.

Starbucks Villanelle

Will someone call an order for Elaine?
I have a bunch of stuff I need to do.
The wait today is driving me insane.

This one dude wants a pinch of sugar cane.
I can’t believe he’s holding up the queue
Will someone call an order for Elaine?

I’m standing here and all I feel is pain.
My legs and feet are slowly turning blue.
The wait today is driving me insane.

Barista, please, I’ll gift you some champagne.
You don’t want me to leave a bad review.
Will someone call an order for Elaine?

I ain’t the type of person to complain,
But it’s not like I asked you for a choux.
The wait today is driving me insane.

I want to drive a fork into my brain.
It cannot take this long to make cold brew.
Will someone call an order for Elaine?
The wait today is driving me insane.

.

.

Matt Hsu is a Grade 12 student at San Francisco University High School.


NOTE TO READERS: If you enjoyed this poem or other content, please consider making a donation to the Society of Classical Poets.

NOTE TO POETS: The Society considers this page, where your poetry resides, to be your residence as well, where you may invite family, friends, and others to visit. Feel free to treat this page as your home and remove anyone here who disrespects you. Simply send an email to mbryant@classicalpoets.org. Put “Remove Comment” in the subject line and list which comments you would like removed. The Society does not endorse any views expressed in individual poems or comments and reserves the right to remove any comments to maintain the decorum of this website and the integrity of the Society. Please see our Comments Policy here.


CODEC News:

9 Responses

  1. Paul Freeman

    Wow! A fabulous piece of writing, Matt, and so relevant. Plus it just trips off the tongue with its guffaw-inducing energy. AND, such a difficult form!

    ‘I want to drive a fork into my brain.’ Magic!

    If I may, that word ‘cold’ jarred a bit. Perhaps ‘a’, instead.

    Thanks for the read – you’re a natural, methinks!

    Reply
    • Margaret Coats

      Cold brew, popularized by Starbucks, is made over many hours because the ground coffee is never heated, but soaked in room temperature water. It’s supposed to create a distinctive flavor and maintain all the nutritional benefits of coffee beans that are lost to high temperatures. These are reasons that make it a fashion statement, as Joe S. notes below.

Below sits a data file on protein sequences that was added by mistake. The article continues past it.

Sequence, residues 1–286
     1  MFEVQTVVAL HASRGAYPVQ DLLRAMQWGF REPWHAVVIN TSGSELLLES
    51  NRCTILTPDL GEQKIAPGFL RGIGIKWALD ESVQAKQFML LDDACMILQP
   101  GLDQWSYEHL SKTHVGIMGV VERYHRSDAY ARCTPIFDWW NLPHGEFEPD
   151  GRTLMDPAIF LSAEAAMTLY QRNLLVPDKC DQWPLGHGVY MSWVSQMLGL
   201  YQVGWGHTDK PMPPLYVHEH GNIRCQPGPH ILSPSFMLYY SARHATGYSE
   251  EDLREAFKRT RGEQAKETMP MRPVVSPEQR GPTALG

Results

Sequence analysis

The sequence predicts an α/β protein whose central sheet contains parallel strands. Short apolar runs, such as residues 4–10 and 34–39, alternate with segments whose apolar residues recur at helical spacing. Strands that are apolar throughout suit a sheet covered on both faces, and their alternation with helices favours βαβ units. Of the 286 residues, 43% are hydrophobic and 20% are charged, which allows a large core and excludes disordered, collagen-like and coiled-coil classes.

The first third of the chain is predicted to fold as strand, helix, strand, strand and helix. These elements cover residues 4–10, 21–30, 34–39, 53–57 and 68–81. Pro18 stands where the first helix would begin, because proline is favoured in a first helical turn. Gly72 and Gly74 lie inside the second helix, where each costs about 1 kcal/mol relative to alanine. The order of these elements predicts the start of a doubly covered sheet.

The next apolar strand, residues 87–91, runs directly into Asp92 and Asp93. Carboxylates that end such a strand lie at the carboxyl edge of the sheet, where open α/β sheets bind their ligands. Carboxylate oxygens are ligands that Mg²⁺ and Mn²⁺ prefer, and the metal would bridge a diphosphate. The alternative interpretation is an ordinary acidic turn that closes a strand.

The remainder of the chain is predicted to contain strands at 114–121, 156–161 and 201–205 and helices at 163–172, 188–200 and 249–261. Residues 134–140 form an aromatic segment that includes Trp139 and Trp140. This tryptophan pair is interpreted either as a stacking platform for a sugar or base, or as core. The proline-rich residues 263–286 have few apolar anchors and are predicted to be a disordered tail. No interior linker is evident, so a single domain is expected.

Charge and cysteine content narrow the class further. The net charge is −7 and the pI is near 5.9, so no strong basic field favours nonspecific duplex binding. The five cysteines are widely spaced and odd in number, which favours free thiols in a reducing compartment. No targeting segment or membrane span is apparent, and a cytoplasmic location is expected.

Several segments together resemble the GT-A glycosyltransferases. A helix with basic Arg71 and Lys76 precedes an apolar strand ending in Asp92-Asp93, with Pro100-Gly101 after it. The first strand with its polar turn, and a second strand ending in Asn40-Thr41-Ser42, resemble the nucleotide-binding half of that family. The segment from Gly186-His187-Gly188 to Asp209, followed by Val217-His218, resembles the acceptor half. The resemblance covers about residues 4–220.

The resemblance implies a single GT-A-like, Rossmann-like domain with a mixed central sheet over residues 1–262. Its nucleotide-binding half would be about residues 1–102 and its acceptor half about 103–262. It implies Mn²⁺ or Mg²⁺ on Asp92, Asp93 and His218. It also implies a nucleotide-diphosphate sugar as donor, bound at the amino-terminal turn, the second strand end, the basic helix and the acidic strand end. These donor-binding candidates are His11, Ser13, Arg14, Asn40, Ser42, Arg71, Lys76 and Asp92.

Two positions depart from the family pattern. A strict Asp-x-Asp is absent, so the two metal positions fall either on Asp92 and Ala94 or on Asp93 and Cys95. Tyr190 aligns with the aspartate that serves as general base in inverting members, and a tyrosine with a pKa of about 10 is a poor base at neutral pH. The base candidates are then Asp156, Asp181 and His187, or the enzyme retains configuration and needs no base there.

Reply
    • Margaret Coats

      And Matt, your poem makes excellent use of the villanelle form to express the frustration often brewed at Starbucks when customers make specialized demands and staff take their time in performing the simplest tasks of service.

      Reply
  2. Joseph S. Salemi

    A very nice villanelle, Mr. Hsu, and quite funny.

    Starbucks makes the worst damned coffee in the United States. It’s overheated, bitter, and barely potable. I don’t know why all those idiots are waiting on line for it, other than their delusion that drinking the stuff is a high-class fashion statement.

    Reply
  3. James A. Tweedie

    Matt, Hilarious and so true to life. Give us more!

    I won’t go so far as to describe Starbuck’s coffee as the worst but I will confidently opine that my friend David’s coffee is the best!

    Reply
  4. Cynthia Erlandson

    This villanelle is a much better way to stay the day than Starbucks! Such a pleasure to read — the humor and the poetic skill shown are both wonderful!

    Reply
  5. Matt Hsu

    Thanks for all your kind comments guys! I’m so glad you liked this fun little poem!

    Reply
  6. Norma Pain

    Well, I don’t drink coffee but I felt as if I was standing in line, getting bitterer by the moment…. is bitterer a word?
    Great poem, thank you Matt.

    Reply
  7. Susan Jarvis Bryant

    I am a huge fan of the villanelle, and your up-to-the-minute subject matter, together with the witty way in which you convey it, elevates the form to lofty heights. Very well done, indeed, Matt! How could any poetry lover pass by a villanelle with a title that promises so much?… it also delivers.

    Reply

Leave a Reply to Margaret Coats Cancel Reply

Your email address will not be published.

This site uses Akismet to reduce spam. Learn how your comment data is processed.